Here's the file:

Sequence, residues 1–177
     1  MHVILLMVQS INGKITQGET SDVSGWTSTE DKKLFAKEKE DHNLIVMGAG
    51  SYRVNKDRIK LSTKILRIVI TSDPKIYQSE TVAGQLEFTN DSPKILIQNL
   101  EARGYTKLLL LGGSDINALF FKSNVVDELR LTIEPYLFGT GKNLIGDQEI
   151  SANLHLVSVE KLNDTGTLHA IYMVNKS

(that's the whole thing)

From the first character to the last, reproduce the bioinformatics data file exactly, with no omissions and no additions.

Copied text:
Sequence, residues 1–177
     1  MHVILLMVQS INGKITQGET SDVSGWTSTE DKKLFAKEKE DHNLIVMGAG
    51  SYRVNKDRIK LSTKILRIVI TSDPKIYQSE TVAGQLEFTN DSPKILIQNL
   101  EARGYTKLLL LGGSDINALF FKSNVVDELR LTIEPYLFGT GKNLIGDQEI
   151  SANLHLVSVE KLNDTGTLHA IYMVNKS